Roger Stone, a longtime adviser to President Trump, sent an email to Trump’s chief campaign strategist in October 2016 that implied that he had information about WikiLeaks’s plans to release material that would be damaging to Democratic nominee Hillary Clinton.
In an email to Stephen K. Bannon on Oct. 4 — days before WikiLeaks began releasing emails hacked from the account of Clinton campaign chairman John Podesta — Stone said that WikiLeaks founder Julian Assange feared for his personal safety but would nevertheless be releasing “a load every week going forward.”
The 2016 email suggests that Stone — long known for a tendency to exaggerate and hype — was nevertheless viewed by Bannon and the Trump campaign as a source to consult for information about WikiLeaks.
The group’s release of documents allegedly hacked by Russian operatives in the final months of the 2016 White House race is being investigated by special counsel Robert S. Mueller III. Mueller’s team has been intently focused on the question of whether Stone had knowledge of WikiLeaks’s activities.
Stone has long insisted that he did not know what WikiLeaks planned to release and that predictions he made were based on public information and tips from associates.
His newly revealed exchange with Bannon undercuts Stone’s insistence this week that he never communicated with Trump campaign officials about WikiLeaks.
“There are no such communications, and if Bannon says there are he would be dissembling,” Stone told The Washington Post, which reported Tuesday that Bannon had been asked about Stone’s interactions with the campaign in a recent interview with the Mueller team.
On Thursday, Stone told The Post that he “was unaware of this email exchange until it was leaked.”
“We had not turned it up in our search,” he added. “We can find no others to campaign officials.”
William Burck, an attorney for Bannon, declined to comment.
Stone’s email to Bannon came in the key week before WikiLeaks began releasing Podesta’s emails — a time when Stone had been publicly trumpeting his belief that WikiLeaks would drop material that would reshape the campaign’s final weeks.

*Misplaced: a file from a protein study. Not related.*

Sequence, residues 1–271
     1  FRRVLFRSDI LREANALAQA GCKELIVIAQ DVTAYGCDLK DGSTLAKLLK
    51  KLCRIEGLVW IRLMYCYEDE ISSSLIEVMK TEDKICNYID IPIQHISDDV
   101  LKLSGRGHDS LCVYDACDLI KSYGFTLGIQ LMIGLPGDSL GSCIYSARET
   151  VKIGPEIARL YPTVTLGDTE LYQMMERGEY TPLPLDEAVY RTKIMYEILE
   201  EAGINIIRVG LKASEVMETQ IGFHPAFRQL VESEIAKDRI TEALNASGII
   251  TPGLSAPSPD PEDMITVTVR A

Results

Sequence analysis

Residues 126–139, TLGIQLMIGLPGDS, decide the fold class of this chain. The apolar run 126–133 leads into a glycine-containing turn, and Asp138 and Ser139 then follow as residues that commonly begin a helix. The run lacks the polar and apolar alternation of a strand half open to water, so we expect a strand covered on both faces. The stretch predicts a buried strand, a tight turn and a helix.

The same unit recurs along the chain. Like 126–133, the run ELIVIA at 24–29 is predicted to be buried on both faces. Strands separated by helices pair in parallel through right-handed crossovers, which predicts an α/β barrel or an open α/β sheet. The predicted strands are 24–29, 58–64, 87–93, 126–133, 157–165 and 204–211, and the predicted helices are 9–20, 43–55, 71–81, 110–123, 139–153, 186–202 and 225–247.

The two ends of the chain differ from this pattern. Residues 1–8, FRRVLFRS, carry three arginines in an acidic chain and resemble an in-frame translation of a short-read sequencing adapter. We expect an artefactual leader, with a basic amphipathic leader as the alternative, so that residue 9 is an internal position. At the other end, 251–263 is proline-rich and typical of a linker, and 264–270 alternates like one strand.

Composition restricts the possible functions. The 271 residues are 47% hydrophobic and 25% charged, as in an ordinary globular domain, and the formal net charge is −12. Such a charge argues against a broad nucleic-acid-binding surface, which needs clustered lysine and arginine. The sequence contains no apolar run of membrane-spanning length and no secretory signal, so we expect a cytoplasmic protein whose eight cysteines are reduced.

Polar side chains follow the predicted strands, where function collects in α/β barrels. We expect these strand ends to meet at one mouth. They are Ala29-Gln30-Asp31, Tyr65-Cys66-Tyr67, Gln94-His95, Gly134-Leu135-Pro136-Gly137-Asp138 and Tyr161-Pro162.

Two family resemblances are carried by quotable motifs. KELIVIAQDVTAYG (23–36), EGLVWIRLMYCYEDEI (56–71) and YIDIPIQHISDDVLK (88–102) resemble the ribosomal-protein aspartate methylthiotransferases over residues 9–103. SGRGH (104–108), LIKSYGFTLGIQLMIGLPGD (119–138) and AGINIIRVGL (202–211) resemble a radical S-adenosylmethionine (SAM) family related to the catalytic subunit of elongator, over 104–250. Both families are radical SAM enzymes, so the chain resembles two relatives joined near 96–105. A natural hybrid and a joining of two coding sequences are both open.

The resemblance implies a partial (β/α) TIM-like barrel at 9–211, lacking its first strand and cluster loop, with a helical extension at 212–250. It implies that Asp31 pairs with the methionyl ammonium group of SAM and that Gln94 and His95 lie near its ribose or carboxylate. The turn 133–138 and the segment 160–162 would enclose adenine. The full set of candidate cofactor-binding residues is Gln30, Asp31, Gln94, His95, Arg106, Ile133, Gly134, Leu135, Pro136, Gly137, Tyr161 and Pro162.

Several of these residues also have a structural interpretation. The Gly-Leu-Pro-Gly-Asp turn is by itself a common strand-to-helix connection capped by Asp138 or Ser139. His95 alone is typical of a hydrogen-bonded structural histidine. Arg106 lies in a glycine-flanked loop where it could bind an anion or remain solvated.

On Sunday, Oct. 2, Stone tweeted: “Wednesday@HillaryClinton is done. #WikiLeaks.”
The next day, Stone received an email from Matt Boyle, an editor for Breitbart News, the conservative publication that Bannon led before he was named Trump’s campaign chief in August 2016, the New York Times reported.
“Assange — what’s he got?” Boyle asked. “Hope it’s good.”
Stone wrote back: “It is.”
Boyle then forwarded the message to Bannon, writing, “You should call Roger.”
A Breitbart spokesman told The Post that Boyle “acted in his role as a journalist to attempt to uncover the story behind Roger Stone’s public claims.” Boyle has not been contacted by Mueller, according to a person close to him.
On Oct. 4, Assange spoke by video conference to reporters gathered in Berlin. Instead of releasing material, as had been expected, Assange announced a vague plan to publish documents sometime in the future, suggesting that there would be weekly releases at some point.
An apparently disappointed Bannon wrote Stone: “What was that this morning???”
Stone replied: “Fear. Serious security concern. He thinks they are going to kill him and the London police are standing done. However — a load every week going forward.”
On Thursday, Stone said that the idea of weekly releases was based on Assange’s public announcement. He said that his information about Assange’s fears came from Randy Credico, a New York comedian and radio host who had hosted Assange on his show.
Credico has denied providing Stone with inside information about WikiLeaks.
According to Stone, Credico told him that Assange had been warned to delay the release of hacked emails in early October 2016 by Daniel Ellsberg, the military analyst famed for his role as the source of the Pentagon Papers in the early 1970s. In Stone’s account, Ellsberg is described as a WikiLeaks “attorney.”
Reached by phone Thursday, Ellsberg broke into laughter when told of Stone’s claim.
“How absurd,” Ellsberg said. “I am not, of course, a lawyer. That doesn’t make any sense at all. That story is totally false.”
Ellsberg had been supportive of WikiLeaks in 2010, when he appeared with Assange at a news conference in London after the group released hundreds of thousands of Iraq War documents. He said he later visited Assange at the Ecuadoran Embassy in London, where the WikiLeaks founder has been confined for years.
But Ellsberg said he had had no contact with Assange about the WikiLeaks releases during the 2016 campaign. Ellsberg said he opposed the releases and thought Assange had used “bad judgment” in an effort to defeat Clinton.
Robert Costa contributed to this report.